Lost in Espanola. Day 3.

On a day where the clouds cry over my city and it’s streets, I crave writing pen and paper tales. It’s raining on a Wednesday. I’m back to my regularly scheduled program. And somewhere between voice over work and the gym and script writing and dance rehearsal, I’m happily going to close the tale from this past weekends escape north.

Running into fellow friends who made the trip, there is a repetitive text from their tongues about coming back refreshed and absorbing just as much from the three days as they hope were left on the communities we visited.

It was simple. Just like this picture I took of the infamous net at Whitefish River First Nation where the story began.

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I was asked what the one moment from the entire experience that stood out to me was. It was one of the final moments of the trip.

Think of a busy city street in the heart of a downtown core, patterning people along it’s bricks almost in fast forward. Think of the thousands of assorted people that share the same footprint of pavement within the same delicate hours of the day. Think of pausing on a corner within the swirl, waiting for the light to change, where the only thing touching you is the wind. It’s the little things.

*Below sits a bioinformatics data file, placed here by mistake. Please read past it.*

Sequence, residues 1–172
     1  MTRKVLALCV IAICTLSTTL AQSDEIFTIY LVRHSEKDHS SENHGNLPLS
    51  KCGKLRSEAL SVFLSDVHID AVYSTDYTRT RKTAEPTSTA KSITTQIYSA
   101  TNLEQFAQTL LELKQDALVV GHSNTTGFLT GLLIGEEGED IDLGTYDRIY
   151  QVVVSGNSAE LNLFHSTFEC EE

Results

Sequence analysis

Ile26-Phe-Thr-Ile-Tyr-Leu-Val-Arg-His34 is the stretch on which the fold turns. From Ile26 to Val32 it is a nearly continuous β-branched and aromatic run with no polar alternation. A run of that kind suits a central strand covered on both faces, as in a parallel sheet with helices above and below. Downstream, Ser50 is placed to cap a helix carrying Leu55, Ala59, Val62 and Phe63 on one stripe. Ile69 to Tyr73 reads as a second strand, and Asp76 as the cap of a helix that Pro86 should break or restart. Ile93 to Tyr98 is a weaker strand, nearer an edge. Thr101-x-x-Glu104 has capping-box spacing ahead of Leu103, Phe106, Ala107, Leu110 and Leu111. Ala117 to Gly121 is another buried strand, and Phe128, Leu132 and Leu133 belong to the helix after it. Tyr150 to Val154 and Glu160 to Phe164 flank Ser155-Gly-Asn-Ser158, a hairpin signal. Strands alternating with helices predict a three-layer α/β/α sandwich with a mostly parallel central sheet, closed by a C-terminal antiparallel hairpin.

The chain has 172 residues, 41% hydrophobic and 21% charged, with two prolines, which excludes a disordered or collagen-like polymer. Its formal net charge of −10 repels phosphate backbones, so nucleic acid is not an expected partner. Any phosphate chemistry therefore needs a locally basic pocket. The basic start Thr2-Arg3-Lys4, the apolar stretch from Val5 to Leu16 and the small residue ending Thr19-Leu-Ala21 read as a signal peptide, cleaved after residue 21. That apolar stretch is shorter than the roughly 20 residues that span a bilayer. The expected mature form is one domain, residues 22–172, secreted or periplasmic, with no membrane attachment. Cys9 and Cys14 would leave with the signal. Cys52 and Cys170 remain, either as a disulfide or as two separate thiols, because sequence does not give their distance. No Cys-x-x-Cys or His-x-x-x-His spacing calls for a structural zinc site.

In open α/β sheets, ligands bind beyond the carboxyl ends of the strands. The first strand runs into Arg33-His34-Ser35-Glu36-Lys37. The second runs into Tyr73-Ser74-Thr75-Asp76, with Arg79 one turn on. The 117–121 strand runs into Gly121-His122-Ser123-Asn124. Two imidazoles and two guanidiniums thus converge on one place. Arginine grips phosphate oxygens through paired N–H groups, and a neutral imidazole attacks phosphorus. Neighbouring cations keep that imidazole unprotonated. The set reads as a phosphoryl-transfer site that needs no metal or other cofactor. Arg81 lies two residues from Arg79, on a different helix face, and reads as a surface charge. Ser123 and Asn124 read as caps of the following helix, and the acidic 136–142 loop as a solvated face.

Now think of that person that passes you as you cross the street that makes you look twice. I’ve always felt that some people radiate a warmth that you can completely feel as they walk by. You tell them your secrets and trust them with your state of mind and don’t realize that you’ve flooded them with your inner script until you walk away.

Chief Shining Turtle is a person like this. After an interview which he filled with the most wholesome words of appreciation, the camera turned off, and I stood with him in the newly renovated dressing room, beside the rink holding the infamous hockey net.

He told me he lived right behind the rink and that one of his favourite sounds while he stirs at home is hearing the puck hit the boards. To him this meant that there’s a place for those kids to be and that their minds in the moment are wrapped around their dreams.

He told me he likes being on the rink late at night when everyone is sleeping, under the unbelievable stars up there and just soaking it in.

I said, it’s the little things, eh? He said, you’re exactly right. They all add up.

And my favourite moment of the trip was just a little thing that I can’t really purge properly into letter formations just yet as to why. It was just a moment. But they all add up. -k

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When you are older you will understand how precious little things, seemingly of no value in themselves, can be loved and prized above all price when they convey the love and thoughtfulness of a good heart. – Edwin Booth

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